As drug addiction statistics and death rates climb, more parents are concerned that their sons and daughters will experiment with mind-altering substances and become hooked. What can parents do to ensure their kids never use drugs?
In the decades that America has allowed direct-to-consumer drug ads plus posters and billboards for alcohol and marijuana sales, we have come no closer to resolving our nation’s problems with these substances.
It's hard for a parent to know when their child is lying about drinking or using drugs and when they should begin to take action. We shed some light on this subject for parents and caretakers.
When we think of college, we think of institutions of higher learning. We think of places that our young adult sons and daughters go to expand their knowledge, to flourish, to grow intellectually, and to develop their life goals and ambitions.
It has been common knowledge for some time that women who are pregnant or breastfeeding should not consume drugs, drink alcohol to excess, or consume tobacco. All three of these activities are not only harmful to Mom’s health, but such activities also pose a risk to her unborn or infant child.
Advertising is a growing industry and has been for some time. We see ads pop up everywhere. TV and radio stations have advertised the products and services of sponsors for decades now. Billboards, vinyl wraps on public transportation, newspapers, signs in store windows, and now the internet.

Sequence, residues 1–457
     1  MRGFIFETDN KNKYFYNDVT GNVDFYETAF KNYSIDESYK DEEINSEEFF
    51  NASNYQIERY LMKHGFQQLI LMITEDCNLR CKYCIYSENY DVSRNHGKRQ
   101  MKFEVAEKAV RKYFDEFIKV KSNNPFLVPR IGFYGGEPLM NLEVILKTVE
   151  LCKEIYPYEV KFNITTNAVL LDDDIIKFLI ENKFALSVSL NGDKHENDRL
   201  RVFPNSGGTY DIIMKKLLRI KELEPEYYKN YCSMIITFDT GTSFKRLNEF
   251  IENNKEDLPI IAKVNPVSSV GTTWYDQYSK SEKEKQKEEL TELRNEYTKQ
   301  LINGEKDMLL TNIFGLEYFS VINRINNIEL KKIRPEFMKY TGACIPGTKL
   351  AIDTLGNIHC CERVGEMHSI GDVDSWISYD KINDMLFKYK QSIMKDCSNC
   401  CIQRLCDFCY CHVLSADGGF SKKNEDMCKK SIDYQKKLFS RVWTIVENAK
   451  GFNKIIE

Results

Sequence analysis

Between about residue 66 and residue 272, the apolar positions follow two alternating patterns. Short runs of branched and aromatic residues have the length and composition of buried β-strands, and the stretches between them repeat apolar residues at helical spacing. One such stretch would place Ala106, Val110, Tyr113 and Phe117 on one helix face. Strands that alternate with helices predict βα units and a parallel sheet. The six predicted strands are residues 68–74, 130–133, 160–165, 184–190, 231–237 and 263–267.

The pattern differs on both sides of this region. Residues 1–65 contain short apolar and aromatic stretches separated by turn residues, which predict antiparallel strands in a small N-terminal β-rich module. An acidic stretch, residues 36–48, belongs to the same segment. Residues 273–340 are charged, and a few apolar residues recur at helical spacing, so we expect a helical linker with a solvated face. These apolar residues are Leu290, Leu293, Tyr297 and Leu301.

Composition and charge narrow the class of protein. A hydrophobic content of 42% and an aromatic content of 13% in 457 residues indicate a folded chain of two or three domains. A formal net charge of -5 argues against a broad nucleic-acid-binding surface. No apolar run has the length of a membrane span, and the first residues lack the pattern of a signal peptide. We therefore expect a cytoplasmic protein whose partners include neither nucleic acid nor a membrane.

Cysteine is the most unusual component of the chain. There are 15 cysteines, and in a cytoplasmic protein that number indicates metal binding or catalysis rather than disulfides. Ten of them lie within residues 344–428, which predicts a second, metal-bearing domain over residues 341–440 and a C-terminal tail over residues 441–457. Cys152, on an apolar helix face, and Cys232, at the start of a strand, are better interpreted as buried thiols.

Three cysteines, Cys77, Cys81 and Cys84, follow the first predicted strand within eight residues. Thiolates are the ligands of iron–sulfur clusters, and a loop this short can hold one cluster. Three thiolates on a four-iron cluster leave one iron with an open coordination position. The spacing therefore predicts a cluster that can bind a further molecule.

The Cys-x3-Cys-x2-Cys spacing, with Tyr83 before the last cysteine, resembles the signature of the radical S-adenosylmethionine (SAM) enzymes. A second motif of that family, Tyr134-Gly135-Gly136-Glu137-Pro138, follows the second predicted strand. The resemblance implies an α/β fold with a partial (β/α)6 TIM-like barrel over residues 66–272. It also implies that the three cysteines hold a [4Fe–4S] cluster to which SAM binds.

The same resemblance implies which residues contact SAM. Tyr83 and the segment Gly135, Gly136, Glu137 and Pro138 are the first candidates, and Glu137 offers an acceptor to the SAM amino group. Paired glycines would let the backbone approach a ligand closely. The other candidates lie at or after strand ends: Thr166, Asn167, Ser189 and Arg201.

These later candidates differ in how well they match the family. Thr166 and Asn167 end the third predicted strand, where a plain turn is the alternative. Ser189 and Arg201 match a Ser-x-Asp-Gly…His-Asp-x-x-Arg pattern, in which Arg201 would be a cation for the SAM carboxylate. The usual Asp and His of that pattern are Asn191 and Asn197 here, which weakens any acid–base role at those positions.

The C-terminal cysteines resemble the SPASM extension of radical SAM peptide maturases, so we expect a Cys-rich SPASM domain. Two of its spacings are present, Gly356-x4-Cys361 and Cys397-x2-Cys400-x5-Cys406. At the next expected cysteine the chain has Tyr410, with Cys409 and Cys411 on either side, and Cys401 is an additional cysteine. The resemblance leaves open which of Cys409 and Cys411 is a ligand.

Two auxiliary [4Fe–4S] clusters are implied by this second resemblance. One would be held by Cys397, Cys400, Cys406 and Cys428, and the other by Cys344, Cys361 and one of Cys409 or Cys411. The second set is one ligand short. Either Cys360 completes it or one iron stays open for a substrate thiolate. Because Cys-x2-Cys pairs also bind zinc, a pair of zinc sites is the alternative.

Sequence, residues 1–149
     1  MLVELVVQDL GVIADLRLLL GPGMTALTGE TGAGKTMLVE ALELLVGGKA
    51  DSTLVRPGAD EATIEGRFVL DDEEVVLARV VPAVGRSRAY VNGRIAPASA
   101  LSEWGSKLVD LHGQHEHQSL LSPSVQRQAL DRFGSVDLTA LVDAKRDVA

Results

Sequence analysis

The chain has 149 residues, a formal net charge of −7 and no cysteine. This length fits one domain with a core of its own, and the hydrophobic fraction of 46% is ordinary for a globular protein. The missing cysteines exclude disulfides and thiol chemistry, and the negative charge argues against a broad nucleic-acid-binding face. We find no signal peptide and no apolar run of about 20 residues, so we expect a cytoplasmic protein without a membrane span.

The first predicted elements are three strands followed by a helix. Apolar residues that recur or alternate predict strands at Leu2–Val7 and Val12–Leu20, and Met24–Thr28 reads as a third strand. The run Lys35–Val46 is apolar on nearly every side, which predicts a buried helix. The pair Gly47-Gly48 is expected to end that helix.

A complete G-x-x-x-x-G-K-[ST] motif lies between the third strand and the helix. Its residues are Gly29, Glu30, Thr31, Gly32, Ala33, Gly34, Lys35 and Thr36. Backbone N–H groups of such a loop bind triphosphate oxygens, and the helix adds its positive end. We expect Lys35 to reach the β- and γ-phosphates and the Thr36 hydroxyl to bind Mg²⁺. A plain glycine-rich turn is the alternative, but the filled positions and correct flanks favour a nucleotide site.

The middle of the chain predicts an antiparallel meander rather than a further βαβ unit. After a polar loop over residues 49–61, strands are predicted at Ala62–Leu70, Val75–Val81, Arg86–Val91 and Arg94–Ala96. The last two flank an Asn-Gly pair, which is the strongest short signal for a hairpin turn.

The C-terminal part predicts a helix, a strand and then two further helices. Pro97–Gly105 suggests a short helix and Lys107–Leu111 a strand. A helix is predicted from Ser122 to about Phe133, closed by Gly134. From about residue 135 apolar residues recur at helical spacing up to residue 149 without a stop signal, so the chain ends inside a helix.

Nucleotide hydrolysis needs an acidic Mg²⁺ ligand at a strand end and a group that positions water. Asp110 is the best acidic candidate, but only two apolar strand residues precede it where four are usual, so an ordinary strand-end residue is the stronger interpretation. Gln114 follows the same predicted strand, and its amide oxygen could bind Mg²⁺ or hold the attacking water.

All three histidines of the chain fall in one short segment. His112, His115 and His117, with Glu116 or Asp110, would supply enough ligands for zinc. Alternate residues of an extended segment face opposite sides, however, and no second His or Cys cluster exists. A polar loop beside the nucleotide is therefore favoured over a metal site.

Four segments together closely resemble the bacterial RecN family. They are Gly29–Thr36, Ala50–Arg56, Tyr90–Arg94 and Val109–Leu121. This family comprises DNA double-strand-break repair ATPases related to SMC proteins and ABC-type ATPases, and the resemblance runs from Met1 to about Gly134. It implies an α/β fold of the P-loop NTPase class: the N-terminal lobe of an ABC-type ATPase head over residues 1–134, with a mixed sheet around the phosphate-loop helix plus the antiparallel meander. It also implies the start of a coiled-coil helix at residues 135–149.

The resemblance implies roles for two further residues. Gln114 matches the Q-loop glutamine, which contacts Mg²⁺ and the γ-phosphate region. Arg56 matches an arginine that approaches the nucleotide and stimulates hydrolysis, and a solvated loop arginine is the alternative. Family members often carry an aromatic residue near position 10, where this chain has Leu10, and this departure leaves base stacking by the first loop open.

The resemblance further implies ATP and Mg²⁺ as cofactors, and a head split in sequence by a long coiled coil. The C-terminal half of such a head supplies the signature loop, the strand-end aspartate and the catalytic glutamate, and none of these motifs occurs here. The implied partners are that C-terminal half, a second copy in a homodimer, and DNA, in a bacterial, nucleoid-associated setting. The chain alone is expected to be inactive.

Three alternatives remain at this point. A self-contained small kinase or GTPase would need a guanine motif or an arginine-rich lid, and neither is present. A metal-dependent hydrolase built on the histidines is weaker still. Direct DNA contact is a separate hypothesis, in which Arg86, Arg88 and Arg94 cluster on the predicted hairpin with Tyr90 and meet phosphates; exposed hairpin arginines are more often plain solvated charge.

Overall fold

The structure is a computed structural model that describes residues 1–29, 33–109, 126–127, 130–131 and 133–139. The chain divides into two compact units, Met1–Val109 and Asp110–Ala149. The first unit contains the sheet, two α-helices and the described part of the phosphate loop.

Every year, tens of thousands of people die from drug overdoses. According to the Centers for Disease Control and Prevention, in 2017, a little over 70,200 people lost their lives due to overdoses.
The health and well-being of our young people is something to safeguard. Our youth of today are our leaders of tomorrow. An investment in their future is really an investment in ours, too. As parents, we want our kids to grow up to lead successful, happy, and healthy lives.
In my ongoing research, I came across Dr. Nora Volkow’s June 27, 2019 blog post at the National Institute on Drug Abuse. Dr. Volkow is the director of NIDA, which itself is a part of the National Institutes of Health.
In light of what may be the country’s worst substance abuse epidemic, the American people look high and low for answers on how they can do their part to resolve the addiction crisis. This is especially true if they had addiction touch their own life or the life of someone they cared about.